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Old 01-24-2008, 06:11 PM   #21
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Can you please elaborate some more on this Gumby? In another thread, I was told that in some states the mortgage lender is not allowed to come after your assets to cover the deficiency after foreclosure and auction. You're free, even if you have assets.

Are there other consequences of having the foreclosure on your credit record that could be painful while attempting to lead a "normal" life these days?
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Old 01-24-2008, 06:15 PM   #22
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Whether what that guy did was legal or not, I find the idea astounding and reprehensible. Maybe I am being naive about that. But in this case, I personally would hope the lender sues the guy and tries to collect all the money he owes on that mortgage. I am not a big fan of banks, but in this case the lender has not changed the terms that guy agreed to when he signed the mortgage. What changed was the RE market and there is no excuse whatsoever to punish the lender for it. The homeowner took a risk (afterall a house is an investment with a fluctuating value), and now that he is losing money, he is cutting and running. Disgusting...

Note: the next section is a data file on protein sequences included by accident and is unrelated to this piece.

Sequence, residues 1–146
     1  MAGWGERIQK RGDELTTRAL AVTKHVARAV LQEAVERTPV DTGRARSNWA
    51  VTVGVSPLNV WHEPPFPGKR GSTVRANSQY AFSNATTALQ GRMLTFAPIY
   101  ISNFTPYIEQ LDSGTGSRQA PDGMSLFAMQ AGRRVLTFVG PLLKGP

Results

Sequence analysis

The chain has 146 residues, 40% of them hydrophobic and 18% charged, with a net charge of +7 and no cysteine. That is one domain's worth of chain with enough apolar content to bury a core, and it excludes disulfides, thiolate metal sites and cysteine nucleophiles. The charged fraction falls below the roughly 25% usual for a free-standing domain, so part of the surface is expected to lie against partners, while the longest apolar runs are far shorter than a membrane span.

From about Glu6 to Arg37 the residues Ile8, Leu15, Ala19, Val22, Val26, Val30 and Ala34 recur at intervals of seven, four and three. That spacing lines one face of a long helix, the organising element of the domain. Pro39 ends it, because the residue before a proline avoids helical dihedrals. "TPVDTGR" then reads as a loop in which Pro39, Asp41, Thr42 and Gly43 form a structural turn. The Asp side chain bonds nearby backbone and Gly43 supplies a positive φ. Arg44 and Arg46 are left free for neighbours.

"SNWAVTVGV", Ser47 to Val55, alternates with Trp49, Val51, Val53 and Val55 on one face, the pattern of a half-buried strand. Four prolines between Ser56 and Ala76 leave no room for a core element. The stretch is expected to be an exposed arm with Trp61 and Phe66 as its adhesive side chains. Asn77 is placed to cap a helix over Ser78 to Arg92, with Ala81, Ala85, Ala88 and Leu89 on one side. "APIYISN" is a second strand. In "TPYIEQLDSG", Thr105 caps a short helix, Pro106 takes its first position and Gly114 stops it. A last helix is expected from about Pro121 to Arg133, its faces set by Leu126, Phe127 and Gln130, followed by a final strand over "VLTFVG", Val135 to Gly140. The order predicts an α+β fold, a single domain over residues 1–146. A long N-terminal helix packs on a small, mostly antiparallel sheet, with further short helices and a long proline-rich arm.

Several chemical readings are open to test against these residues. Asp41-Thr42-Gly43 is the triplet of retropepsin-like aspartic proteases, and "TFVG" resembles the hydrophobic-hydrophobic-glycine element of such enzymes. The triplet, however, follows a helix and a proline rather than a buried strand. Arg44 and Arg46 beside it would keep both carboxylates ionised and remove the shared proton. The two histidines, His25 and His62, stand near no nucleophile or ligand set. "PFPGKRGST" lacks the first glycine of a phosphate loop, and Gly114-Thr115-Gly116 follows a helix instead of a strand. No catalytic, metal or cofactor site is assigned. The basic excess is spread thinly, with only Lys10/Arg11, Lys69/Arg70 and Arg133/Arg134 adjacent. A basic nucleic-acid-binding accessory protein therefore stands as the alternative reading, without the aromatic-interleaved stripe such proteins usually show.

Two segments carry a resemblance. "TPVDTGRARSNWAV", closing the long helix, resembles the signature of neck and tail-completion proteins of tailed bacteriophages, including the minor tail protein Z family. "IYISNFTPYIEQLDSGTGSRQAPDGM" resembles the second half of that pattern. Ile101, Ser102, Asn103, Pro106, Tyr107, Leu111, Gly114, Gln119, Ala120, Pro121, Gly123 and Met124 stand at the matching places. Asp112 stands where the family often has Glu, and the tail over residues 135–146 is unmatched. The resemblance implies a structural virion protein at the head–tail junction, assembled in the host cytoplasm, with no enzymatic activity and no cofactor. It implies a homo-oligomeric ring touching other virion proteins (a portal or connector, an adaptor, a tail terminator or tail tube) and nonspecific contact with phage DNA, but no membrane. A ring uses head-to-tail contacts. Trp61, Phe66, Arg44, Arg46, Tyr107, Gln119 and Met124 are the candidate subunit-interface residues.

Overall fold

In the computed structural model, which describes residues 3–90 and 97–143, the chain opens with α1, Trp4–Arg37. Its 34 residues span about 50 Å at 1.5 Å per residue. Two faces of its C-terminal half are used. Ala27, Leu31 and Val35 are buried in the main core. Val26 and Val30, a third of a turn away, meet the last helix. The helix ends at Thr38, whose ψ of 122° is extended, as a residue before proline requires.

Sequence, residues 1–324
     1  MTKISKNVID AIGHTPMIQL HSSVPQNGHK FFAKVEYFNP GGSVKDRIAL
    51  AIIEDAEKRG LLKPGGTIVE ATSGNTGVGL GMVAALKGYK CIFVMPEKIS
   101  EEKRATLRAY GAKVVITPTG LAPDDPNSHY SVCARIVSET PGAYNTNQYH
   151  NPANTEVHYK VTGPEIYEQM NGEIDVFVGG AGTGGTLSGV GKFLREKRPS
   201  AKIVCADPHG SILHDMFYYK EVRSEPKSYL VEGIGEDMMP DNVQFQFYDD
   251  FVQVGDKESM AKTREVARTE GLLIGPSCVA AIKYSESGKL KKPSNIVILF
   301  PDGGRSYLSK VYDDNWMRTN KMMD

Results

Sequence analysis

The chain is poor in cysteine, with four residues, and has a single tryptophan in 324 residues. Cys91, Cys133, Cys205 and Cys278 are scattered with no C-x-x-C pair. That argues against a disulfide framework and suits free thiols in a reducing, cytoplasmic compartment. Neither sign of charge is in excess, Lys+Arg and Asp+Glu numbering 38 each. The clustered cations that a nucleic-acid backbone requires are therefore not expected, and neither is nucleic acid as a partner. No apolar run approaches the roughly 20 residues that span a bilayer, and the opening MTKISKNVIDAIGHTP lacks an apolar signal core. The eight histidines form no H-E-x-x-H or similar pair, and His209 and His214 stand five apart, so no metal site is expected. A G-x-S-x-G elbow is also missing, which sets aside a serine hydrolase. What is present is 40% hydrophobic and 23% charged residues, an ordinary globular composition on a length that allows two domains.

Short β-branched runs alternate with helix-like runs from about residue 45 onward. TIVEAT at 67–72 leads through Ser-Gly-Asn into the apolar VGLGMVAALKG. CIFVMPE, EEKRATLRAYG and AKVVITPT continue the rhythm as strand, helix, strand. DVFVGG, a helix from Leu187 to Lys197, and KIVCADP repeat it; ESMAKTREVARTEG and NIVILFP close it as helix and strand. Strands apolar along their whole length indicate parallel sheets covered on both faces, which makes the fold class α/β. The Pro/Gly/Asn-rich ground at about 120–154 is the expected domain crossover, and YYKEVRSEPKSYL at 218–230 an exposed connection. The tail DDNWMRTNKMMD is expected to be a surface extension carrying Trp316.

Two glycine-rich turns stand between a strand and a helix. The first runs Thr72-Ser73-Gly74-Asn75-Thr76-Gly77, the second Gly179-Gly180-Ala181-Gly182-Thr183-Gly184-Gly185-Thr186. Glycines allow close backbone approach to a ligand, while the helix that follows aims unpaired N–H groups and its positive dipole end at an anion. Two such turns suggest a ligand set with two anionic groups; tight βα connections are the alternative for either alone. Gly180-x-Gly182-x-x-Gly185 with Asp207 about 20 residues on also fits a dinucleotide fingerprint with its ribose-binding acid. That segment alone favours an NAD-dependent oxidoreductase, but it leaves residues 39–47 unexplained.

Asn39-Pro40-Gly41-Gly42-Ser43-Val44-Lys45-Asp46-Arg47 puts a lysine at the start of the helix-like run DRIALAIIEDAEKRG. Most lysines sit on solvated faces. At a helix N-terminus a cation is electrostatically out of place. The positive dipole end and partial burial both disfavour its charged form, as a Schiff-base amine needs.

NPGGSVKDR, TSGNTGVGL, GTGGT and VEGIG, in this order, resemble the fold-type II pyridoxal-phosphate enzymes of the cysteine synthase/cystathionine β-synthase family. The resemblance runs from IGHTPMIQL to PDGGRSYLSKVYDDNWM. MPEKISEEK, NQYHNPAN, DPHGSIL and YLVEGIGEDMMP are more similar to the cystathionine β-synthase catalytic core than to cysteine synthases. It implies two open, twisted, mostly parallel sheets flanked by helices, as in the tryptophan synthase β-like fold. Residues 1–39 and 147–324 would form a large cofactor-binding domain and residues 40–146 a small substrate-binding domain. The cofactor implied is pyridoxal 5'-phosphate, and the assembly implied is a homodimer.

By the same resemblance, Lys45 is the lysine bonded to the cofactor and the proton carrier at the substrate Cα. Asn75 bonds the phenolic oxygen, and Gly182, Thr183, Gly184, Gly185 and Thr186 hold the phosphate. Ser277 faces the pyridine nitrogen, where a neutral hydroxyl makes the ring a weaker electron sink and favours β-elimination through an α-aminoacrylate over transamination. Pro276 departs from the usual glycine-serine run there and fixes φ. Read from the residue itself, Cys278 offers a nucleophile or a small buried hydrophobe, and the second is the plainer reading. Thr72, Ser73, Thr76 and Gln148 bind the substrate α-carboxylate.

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Old 01-24-2008, 06:16 PM   #23
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Somewhere I heard that home PURCHASE mortgages were non-recourse, refi's not. This could vary by state. This probably wouldn't prevent the lender from issuing a 1099 for the shortfall.
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Old 01-24-2008, 06:19 PM   #24
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You have hit the nail on the head. I believe that most mortgages are, in fact, recourse obligations. In my state, if the bank forecloses and sells at auction, it may recover a deficiency judgment if the property brings less than the mortgage balance.
I'm no lawyer, and Wikipedia ain't exactly something I'd depend on for such matters - but its foreclosure page indicates original home loans in CA are non-recourse debt. Which is significant - that's where the respondent in the article resides, and this tactic is likely more common in CA due to larger value drops.

Re-fi's, seconds and HELOC's have no such protection, again per Wikipedia:

"In California and some other states, original mortgages (the ones taken out at the time of purchase) are typically non-recourse loans, however, refinanced loans and home equity lines of credit aren't."
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Old 01-24-2008, 06:37 PM   #25